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S&P/TSX composite up nearly 300 points, U.S. markets also up

A signboard displays the TSX close in Toronto, Friday, June 4, 2021. THE CANADIAN PRESS/Frank Gunn. FNG

Canada’s main stock index closed up almost 300 points Monday ahead of Statistics Canada releasing its latest inflation data on Wednesday, while U.S. markets were also up.

The S&P/TSX composite index was up 294.67 points at 18,621.02.

In New York, the Dow Jones industrial average was up 550.99 points at 30,185.82. The S&P 500 index was up 94.88 points at 3,677.95, while the Nasdaq composite was up 354.41 points at 10,675.80.

Read more: S&P/TSX composite down nearly 300 points, U.S. stock markets also trade lower

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“We’re seeing a rally to kick off the week as we see some stabilization in the bond market,” said Angelo Kourkafas, an investment strategist at Edward Jones. “Bond yields are slightly lower, we have seen the U.S. dollar pull back against other major currencies.”

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The Canadian dollar traded for 72.83 cents US compared with 72.17 cents US on Friday.

News that the British government pulled a reversal on its suite of tax cuts helped the pound rebound, he said.

“That was the catalyst for some positive sentiment globally,” said Kourkafas.

Earnings from the Bank of America were better than expected, Kourkafas noted, as third-quarter earnings season kicks off.

“So far there is the theme of resiliency in corporate profits, as at the same time, expectations have been lowered heading into the earning season,” he said. “The fact that we have low expectations and results so far seem to be OK despite the very challenging economic backdrop, that is providing some relief.”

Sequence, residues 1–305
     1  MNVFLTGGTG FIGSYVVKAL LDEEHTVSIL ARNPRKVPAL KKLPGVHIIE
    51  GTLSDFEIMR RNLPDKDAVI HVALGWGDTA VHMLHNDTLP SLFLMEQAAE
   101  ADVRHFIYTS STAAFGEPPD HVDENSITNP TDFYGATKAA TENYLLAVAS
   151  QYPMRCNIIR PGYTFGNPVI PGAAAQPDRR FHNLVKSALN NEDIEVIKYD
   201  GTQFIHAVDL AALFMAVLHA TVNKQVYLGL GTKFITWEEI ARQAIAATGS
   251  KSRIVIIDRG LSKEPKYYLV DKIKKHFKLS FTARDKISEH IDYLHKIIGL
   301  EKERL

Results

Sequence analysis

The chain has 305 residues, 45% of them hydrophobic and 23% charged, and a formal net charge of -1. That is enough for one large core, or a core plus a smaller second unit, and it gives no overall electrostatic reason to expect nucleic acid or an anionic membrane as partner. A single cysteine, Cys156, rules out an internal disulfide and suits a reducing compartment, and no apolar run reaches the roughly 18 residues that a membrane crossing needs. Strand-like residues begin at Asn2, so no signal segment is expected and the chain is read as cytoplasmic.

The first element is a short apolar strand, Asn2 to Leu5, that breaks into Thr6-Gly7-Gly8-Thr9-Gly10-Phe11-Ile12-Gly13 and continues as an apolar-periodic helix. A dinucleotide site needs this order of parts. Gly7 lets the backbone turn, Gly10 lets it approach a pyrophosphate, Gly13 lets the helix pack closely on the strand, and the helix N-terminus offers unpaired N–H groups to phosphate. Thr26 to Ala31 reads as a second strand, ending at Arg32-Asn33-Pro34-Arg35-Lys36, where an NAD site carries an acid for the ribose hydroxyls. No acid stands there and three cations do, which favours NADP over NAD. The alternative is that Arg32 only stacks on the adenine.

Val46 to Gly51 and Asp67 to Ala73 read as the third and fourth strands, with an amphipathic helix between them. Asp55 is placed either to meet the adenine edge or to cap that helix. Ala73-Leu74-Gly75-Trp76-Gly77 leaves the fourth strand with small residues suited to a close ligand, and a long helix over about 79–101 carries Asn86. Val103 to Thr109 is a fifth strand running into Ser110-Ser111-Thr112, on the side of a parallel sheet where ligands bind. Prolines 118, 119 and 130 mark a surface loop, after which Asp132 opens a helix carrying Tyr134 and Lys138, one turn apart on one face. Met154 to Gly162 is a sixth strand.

For earnings season in Canada, “investors are going to be looking at results from Canadian banks to gauge the health of the economy and the consumers,” he said.

Canadian inflation data for September is coming out on Wednesday. Though recent U.S. inflation was hotter than investors had hoped, if the Canadian inflation numbers show signs of slowing that may mean a smaller-than-anticipated rate hike from the Bank of Canada, said Kourkafas.

However, he said a 75-point hike is still very much an option, depending on the inflation data and other factors.

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The Bank of Canada business and consumer surveys that came out Monday were consistent with the idea that the central bank is not done raising rates, said Kourkafas.

“In our view, we’re getting closer to the end of the tightening campaign for the Bank of Canada than the beginning.”

The December crude oil contract was down 12 cents at US$84.53 per barrel and the November natural gas contract was down 45 cents at US$6 per mmBTU.

The December gold contract was up US$15.10 at US$1,664 an ounce and the December copper contract was down nearly a penny at US$3.42 a pound.

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